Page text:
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Russian journalist Golunov released after drug case against him dropped

Russian journalist Golunov released after drug case against him dropped

The police's case against Golunov appeared flimsy.

Russian investigative journalist Ivan Golunov has been released from house arrest as the criminal case against him was dropped due to a lack of evidence. He added that the journalist will be released from house arrest, which was ordered by a court on Saturday, later in the day.

'I believe that the rights of every citizen, regardless of his profession, must be protected, ' said Kolokoltsev.

Supporters mounted a nationwide campaign on his behalf, with journalists and others picketing Moscow police headquarters for five days.

All of them say they suspect Ivan Golunov has been framed.

But the evidence seemed so flimsy that even some staunchly pro-Kremlin television journalists rallied to Golunov's defence.

Golunov, who works for the Latvia-based Meduza news website, was beaten by police and kept in custody for 12 hours after being detained in central Moscow on 6 June, his lawyer, Sergei Badamshin said. More than 20,000 people signed an online pledge to march in the capital on Wednesday, a public holiday, to protest Golunov's arrest.

Valentina Matviyenko, who is Russia's third most senior official after the president and prime minister, said that the law enforcement agencies' "mistakes and violations ... have given rise to distrust in the investigation". Huge gratitude to all of them'.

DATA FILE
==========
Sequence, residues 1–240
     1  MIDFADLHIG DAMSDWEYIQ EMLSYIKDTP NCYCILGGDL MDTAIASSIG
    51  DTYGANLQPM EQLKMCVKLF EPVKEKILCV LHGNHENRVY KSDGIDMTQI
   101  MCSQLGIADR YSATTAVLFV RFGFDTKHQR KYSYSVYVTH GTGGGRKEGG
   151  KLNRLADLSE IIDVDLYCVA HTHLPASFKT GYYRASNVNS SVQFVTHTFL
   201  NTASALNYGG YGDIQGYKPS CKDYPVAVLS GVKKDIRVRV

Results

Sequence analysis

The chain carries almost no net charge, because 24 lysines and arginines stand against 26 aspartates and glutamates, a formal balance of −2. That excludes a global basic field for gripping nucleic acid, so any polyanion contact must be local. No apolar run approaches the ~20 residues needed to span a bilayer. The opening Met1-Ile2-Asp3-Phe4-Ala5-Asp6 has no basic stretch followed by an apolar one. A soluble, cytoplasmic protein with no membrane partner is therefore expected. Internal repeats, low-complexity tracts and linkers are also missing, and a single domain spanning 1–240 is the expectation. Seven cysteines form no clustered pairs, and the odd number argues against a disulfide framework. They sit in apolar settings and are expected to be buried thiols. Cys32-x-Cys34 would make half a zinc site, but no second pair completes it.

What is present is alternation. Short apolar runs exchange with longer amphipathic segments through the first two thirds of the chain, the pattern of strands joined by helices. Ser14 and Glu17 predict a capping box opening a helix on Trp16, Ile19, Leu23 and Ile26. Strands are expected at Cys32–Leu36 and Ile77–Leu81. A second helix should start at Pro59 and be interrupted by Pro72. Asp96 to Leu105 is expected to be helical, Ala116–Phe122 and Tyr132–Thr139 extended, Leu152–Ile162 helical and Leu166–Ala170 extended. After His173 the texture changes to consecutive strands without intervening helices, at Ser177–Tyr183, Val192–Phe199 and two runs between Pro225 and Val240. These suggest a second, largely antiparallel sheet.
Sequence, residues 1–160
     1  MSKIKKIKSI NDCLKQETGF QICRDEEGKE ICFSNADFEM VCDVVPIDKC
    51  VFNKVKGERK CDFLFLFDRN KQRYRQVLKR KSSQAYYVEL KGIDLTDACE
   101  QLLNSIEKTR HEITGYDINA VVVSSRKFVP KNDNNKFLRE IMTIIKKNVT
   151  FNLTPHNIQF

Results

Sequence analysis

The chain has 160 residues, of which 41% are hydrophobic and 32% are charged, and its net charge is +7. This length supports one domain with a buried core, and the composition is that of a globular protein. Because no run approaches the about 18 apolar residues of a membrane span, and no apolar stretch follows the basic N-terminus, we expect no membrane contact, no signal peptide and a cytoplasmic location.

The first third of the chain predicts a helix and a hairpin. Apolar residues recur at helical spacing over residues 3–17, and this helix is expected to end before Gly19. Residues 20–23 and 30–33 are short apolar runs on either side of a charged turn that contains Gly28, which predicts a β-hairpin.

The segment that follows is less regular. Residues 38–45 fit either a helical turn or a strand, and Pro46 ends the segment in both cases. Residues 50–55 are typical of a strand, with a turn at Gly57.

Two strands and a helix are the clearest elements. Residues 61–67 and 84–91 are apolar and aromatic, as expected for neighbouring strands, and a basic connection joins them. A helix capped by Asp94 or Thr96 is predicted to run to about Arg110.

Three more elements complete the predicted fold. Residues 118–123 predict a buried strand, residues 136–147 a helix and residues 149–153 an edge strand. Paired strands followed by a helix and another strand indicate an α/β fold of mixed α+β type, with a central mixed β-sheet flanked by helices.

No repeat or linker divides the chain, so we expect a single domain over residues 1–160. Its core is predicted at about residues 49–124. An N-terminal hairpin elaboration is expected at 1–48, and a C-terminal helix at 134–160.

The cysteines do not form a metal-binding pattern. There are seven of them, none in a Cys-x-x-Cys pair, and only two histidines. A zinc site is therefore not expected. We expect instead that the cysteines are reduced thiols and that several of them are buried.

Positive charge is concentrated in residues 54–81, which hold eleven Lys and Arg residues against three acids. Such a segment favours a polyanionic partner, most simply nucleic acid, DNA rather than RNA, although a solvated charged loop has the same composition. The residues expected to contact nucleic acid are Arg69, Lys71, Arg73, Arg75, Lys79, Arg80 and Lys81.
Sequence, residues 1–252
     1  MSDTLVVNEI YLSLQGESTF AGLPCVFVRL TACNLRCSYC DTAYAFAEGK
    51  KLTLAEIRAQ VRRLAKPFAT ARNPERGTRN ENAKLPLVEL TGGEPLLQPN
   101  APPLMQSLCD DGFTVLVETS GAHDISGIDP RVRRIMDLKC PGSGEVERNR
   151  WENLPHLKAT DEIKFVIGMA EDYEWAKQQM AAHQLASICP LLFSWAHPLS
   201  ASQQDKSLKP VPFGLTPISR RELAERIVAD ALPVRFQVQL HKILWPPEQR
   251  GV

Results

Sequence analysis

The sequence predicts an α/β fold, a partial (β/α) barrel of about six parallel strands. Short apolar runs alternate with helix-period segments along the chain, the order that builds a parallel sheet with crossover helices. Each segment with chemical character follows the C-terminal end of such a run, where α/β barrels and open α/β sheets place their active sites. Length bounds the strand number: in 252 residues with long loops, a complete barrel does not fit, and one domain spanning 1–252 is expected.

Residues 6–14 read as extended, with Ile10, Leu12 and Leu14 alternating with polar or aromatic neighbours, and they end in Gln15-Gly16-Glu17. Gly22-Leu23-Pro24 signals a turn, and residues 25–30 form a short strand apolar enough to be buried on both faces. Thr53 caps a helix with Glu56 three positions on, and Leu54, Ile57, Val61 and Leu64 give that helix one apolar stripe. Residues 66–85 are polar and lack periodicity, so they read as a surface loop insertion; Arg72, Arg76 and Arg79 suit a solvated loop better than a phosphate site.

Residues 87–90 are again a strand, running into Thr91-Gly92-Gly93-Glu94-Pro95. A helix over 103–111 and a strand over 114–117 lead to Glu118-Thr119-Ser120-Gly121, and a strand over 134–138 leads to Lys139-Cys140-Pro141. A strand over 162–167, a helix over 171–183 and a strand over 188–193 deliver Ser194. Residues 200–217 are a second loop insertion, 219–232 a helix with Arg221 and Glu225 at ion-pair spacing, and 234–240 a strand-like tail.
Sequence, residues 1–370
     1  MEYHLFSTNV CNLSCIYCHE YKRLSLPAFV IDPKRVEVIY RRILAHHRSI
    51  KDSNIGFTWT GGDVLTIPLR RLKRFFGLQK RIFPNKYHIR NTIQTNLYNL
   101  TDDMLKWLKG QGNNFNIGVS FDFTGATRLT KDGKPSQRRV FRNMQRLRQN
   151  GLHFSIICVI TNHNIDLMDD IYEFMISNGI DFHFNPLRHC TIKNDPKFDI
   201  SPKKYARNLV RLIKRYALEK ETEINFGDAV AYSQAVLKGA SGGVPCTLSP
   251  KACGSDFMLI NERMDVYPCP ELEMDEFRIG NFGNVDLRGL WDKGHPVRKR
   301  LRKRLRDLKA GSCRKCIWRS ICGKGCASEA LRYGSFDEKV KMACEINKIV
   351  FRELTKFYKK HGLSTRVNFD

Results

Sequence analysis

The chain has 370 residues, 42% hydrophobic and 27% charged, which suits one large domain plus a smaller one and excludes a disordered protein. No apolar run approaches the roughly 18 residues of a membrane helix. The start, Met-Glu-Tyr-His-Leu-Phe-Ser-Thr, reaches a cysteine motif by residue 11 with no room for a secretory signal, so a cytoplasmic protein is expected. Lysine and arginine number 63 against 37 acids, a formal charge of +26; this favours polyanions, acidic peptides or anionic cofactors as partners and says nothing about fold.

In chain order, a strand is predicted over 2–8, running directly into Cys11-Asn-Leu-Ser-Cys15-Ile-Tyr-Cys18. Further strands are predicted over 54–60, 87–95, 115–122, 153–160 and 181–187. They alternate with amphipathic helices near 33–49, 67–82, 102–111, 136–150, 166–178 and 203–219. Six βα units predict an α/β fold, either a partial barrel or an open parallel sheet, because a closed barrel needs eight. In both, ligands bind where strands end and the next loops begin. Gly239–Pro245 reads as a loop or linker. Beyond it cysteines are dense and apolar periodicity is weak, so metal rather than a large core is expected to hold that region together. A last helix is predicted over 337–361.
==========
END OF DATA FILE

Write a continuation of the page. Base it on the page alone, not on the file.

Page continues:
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"This is a very surprising turnaround of events", said Al Jazeera's Step Vaessen, reporting from Moscow.

The charges against him were so serious that, given the typical Russian practice, Golunov seemed likely to spend months in jail ahead of a trial in which prosecutors would nearly surely get their way.

Celebrities and even some high-profile journalists at state media have spoken out for Mr. Golunov, criticizing either the accusations against him or the harsh manner of his detention. According to police, Golunov was carrying four grams of mephedrone, a synthetic stimulant drug, while five grams of cocaine were found during a search of his rented apartment.

In an unprecedented show of solidarity on Monday, the Vedomosti, Kommersant and RBC newspapers each published front page headlines: "I am/We are Ivan Golunov", accompanied by editorials calling for inquiries into the case.

Those who spoke out against Golunov's detention included the Committee to Protect Journalists, which noted Russia's "long history of politically motivated allegations against reporters". Framing people for drug-related crimes is a common way for influential figures across Russian Federation to sideline opponents, rights activists claim.

The Russian investigative media outlet Project cited unnamed Kremlin officials on Monday as saying the presidential administration wanted police to drop charges against Golunov because they were anxious Putin would face awkward questions during the live call-in show.

"As TV channels continue to inundate viewers with propaganda, the climate has become very oppressive for those who question the new patriotic and neo-conservative discourse, or just try to maintain quality journalism", the RSF said in its 2019 summary for Russian Federation, describing the atmosphere for independent journalists as "stifling". "This is just the beginning, a lot of work lies ahead".